210 Water St.
It was lunchtime and we’d just settled into what felt like a white cocoon at the Shanghai Restaurant on Water Street. Our “cocoon” was a booth, with super high seat backs, completely covered in a very white leathery material. The table was covered with a white cloth, white chopsticks, white dishes, and dominant before us were pristine white cotton napkins folded in the shape of an ornate crown.
I’ve always been impressed by beautifully folded napkins. It’s an art that’s not practised much anymore. There are dozens of attractive ways to fold a square cloth napkin, from pyramid shaped to rosebud, rose or crown. Altogether it was an impressive table setting for what I hoped would be a pleasant dining experience.
Apart from the British pub style bar, a hangover from the days of the Guv’nor Pub, the restaurant has been visually transformed into a handsome fine dining establishment. Fire engine red, black and white stand out, but also the kaleidoscope colours of photographic murals and poster-sized pictures of the city of Shanghai at night. Shanghai (one of the world’s biggest cities) has lighting that rivals Las Vegas, Nevada.
The great chef Raymond Blanc, in a speech to a seafood conservation conference at London’s Old Billingsgate Fish Market a few years ago, said he feared that one day the only seafood he’d have for his bouillabaisse would be “plankton and algae.” Recently, I heard a comedian (his name escape’s me) cracking a joke about us humans — after allowing the world’s oceans to be fished out or destroyed — convincing ourselves that jellyfish (presumably the only fish left) “tastes pretty good.”
When I saw jellyfish on the menu at Shanghai, I wondered if that day was drawing nigh. I’d never had jellyfish, but, being the type who’ll try anything once, I ordered a dish. The jellyfish appeared to have been blanched and julienne cut. A small pile (looking like sauerkraut) was served on a marinade that tasted of soy, vinegar and sesame oil. Chopped green onion and sesame seeds had been sprinkled over all.
On its own, jellyfish has no taste, absolutely none. When I mixed it through the marinade, it took on the taste of the marinade ingredients. Jellyfish is all about texture, much as squid and snails are about texture — although the latter have more flavour. The texture of jellyfish is like softened, smooth plastic. (How’s that for a description of food.) I liked it, but it’s definitely an acquired taste. Congratulations to Shanghai for having the chutzpah to put it on the menu.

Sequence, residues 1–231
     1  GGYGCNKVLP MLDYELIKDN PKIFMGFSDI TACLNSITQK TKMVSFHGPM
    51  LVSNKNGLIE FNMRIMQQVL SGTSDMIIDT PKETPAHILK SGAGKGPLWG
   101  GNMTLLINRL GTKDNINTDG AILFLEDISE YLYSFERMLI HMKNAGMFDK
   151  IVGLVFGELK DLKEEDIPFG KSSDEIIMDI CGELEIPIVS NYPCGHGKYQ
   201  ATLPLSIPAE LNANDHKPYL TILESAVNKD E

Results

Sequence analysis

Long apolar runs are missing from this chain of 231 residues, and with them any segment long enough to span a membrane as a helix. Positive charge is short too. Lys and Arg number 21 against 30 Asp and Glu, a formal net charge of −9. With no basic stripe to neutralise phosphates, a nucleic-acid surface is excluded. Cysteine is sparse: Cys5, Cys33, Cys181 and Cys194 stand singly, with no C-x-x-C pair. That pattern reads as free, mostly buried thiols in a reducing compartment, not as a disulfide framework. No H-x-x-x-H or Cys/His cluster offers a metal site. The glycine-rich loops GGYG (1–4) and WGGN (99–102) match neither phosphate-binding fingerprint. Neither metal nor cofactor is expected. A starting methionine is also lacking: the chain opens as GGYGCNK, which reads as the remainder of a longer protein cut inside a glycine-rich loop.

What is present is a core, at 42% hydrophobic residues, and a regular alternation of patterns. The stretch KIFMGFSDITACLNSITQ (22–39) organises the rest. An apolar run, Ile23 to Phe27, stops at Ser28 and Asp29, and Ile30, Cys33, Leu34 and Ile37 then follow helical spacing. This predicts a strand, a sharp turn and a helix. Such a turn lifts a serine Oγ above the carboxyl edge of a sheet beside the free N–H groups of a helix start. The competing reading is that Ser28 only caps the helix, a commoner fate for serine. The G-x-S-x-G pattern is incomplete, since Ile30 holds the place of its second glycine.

Shanghai’s barbecued pork tasted like the ubiquitous thinly sliced, reddish-edged pork found in many Chinese dishes, like Cantonese chow mein. In this case, I got a full plate of it on a bed of lettuce, smothered in a thick, dark brown sauce decorated with sesame seeds. Parts of the pork were quite tender and moist while others were slightly dry or verging on brittle. The sauce had a deep, smoky, sweet-tart flavour that made the dry bits of pork more palatable.
Shanghai served a decent beef curry on a bed of sticky vermicelli. Bite-sized pieces of beef were mixed with diced white onion, sliced carrot and scallions. Familiar curry spices sans heat or zip made for a very mild sauce. On the other hand, the kung pao chicken was kicking hot with plenty of flavours, including wine, garlic, fresh peanuts, sweet bell peppers and freshly chopped chives.
Scallops and snow peas were served in a glossy, dark, medium spiced sauce. The ocean scallops had been sliced into large coins. They were utterly succulent. Fresh snow peas out numbered the scallops, but were perfectly cooked — not too soft.
Shanghai’s vegetable pad Thai had fewer vegetables than I was expecting. An abundance of noodles was presented with only slivers of pepper mixed through, making the dish stodgy and gluey.
Fortunately Shanghai had had better success with our previous dishes.
Meal for two with tax and tip: $90 (approximately)
Atmosphere and food
Areas for Improvement
* Fair * * Good * * * Excellent
* * * * Exceptional
We’re doing better, but St. John’s still needs more international restaurants. I was sorry to see Taste of Thai close its doors a while back. For those of you who may be missing Thai cuisine, there is an alternative, although I have not yet tried their food. A Thai take-away has opened at the Avalon Mall food court. It’s called Thai Hut. They offer, among other dishes, pad Thai, tamarind ginger beef, tikki masala, green curry, Korean style bulgogi beef, and a dessert of black rice with coconut milk. A sign indicated they would soon offer delivery. The number to call is 738-THAI.
Karl Wells is an accredited personal chef and recipient of the Canadian Culinary
Federation Sandy Sanderson Award for Communications. Contact him through
his website, www.karlwells.com.